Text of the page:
Jam vs. Marmalade
Do you love eating jellies, jams and conserves? How about marmalades? These products are collectively known as fruit preserves. They are the ones that you usually see in cans, or they can be bottled for prolonged storage. The previously mentioned preserves are most likely the same, but they vary a little, depending on the ingredients used for preparing each type of fruit preserve.
For the sake of discussion, it is best to note the differences between two fruit preserves, and these are jam and marmalade. To begin with, jams contain both the fruit’s juice and some pieces of its flesh. In addition, some professional cooking books describe jams as pureed fruits that have been either cooked or gelled. Jams usually make use of one kind of fruit or vegetable, and not a combination of two or more. Berries and smaller fruits are often seen as the mainstay ingredient for the most popular fruit jams today.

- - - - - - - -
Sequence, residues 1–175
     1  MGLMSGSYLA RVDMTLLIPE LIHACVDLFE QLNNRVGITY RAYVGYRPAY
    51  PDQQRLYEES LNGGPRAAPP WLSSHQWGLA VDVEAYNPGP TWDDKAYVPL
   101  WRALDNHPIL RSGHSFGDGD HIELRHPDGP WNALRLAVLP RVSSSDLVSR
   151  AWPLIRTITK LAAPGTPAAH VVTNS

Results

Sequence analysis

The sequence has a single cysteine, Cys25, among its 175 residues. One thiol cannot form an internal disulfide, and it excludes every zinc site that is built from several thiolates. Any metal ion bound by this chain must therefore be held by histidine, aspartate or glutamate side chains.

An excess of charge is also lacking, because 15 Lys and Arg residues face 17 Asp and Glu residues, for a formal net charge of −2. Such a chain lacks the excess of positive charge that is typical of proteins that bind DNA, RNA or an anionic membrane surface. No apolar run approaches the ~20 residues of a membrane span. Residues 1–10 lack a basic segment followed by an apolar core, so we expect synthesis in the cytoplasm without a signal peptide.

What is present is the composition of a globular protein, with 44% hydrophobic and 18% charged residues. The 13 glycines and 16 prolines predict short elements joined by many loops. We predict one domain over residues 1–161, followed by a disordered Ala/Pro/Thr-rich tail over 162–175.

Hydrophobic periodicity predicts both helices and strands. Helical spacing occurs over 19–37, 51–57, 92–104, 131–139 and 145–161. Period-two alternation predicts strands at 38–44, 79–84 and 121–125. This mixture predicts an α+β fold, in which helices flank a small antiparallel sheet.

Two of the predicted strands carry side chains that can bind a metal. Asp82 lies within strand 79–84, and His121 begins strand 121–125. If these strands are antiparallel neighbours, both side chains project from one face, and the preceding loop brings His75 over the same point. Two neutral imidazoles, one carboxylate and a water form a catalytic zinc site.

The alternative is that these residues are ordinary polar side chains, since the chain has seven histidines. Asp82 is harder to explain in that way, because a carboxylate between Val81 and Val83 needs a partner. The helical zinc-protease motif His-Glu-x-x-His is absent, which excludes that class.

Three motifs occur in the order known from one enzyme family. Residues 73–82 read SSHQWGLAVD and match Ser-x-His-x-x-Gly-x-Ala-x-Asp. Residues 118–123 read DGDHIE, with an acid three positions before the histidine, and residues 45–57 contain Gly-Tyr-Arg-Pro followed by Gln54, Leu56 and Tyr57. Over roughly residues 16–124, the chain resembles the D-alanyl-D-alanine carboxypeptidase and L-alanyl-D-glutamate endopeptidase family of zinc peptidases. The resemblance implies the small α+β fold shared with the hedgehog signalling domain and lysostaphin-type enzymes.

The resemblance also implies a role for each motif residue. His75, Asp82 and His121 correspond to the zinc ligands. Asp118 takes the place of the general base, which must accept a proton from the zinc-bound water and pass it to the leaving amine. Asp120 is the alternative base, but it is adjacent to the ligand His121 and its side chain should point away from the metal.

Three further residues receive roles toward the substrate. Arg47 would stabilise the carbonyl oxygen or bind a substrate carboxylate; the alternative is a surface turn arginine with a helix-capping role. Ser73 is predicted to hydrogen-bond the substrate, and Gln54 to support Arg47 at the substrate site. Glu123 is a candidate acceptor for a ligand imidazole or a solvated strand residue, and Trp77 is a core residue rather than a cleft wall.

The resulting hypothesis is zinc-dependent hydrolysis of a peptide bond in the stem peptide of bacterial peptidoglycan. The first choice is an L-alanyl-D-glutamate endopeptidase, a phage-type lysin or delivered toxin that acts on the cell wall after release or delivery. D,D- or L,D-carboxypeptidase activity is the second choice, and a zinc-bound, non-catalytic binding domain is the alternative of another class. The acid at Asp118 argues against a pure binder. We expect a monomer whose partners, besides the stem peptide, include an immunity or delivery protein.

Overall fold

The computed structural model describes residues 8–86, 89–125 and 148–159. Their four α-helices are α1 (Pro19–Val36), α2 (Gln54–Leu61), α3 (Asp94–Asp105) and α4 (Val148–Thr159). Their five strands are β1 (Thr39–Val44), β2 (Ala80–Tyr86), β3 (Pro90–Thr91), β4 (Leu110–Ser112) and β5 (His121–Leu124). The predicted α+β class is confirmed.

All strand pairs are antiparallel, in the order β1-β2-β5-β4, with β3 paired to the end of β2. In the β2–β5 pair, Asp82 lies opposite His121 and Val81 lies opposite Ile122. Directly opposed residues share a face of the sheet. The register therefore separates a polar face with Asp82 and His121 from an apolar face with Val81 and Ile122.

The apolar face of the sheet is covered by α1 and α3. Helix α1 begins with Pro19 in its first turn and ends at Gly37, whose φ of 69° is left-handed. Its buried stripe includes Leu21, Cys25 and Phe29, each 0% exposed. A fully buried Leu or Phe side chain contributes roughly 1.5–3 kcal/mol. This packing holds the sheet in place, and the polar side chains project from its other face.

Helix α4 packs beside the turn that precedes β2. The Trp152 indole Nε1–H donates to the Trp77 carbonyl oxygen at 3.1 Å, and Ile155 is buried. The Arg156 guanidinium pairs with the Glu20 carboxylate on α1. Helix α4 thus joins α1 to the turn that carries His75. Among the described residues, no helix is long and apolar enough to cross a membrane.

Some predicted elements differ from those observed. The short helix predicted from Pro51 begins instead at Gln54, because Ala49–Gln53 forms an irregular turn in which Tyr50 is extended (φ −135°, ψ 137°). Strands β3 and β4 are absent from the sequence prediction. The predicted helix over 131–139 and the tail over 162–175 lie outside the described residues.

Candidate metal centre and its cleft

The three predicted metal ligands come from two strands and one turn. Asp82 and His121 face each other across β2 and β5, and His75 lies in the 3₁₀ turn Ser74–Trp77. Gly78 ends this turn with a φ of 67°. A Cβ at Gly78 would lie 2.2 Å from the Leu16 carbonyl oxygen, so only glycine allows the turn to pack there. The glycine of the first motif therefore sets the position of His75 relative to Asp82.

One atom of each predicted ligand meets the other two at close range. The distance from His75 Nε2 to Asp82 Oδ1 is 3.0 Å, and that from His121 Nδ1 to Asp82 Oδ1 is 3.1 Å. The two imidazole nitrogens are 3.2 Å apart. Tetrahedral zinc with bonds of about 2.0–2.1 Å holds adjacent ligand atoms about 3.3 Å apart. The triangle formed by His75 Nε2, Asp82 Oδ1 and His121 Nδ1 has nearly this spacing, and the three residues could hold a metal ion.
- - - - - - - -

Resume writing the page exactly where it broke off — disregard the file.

You can tell if a certain jam is prepared well by tasting it, and feeling its overall consistency. The best jams, as they say, are those that are soft and even in consistency. You should not be able to feel the fruit pieces. These jams also share a full and bright color, coupled with a half jelly texture, which can be evenly spread, without noticing any visible liquid separating from the mixture. To prepare a jam, one must cut or crush the fruit, and then heat the components in a sugar-water mixture to harness the fruit’s pectin. The resultant product is the actual jam, which is then freshly sealed in glass or canned containers.
Marmalade is closely related to jam. They actually resemble the first cousin relationship. Like jam, it falls under the category of fruit preserves, but it is derived only from the combination of pure citrus fruits and the water-sugar mix. Other marmalade variations make use of some of the zest or citrus peel (not the whole fruit). This ingredient adds a mildly bitter flavor to the marmalade due to its oils. Oranges are perhaps the most popular citrus fruit to use for marmelade. Other citrus fruits taking the place of standard oranges are the grapefruit, lime and lemon.
All in all, jam and marmalade differ in the following aspects:
1. Jams are made from one type of any fruit or vegetable, whereas marmalade must use a citrus fruit in its preparation.
2. Jams basically use the entire fruit by crushing, pureeing and cooking, whereas marmalades consists of the citrus peel (rind), pulp and the juice (not the whole fruit).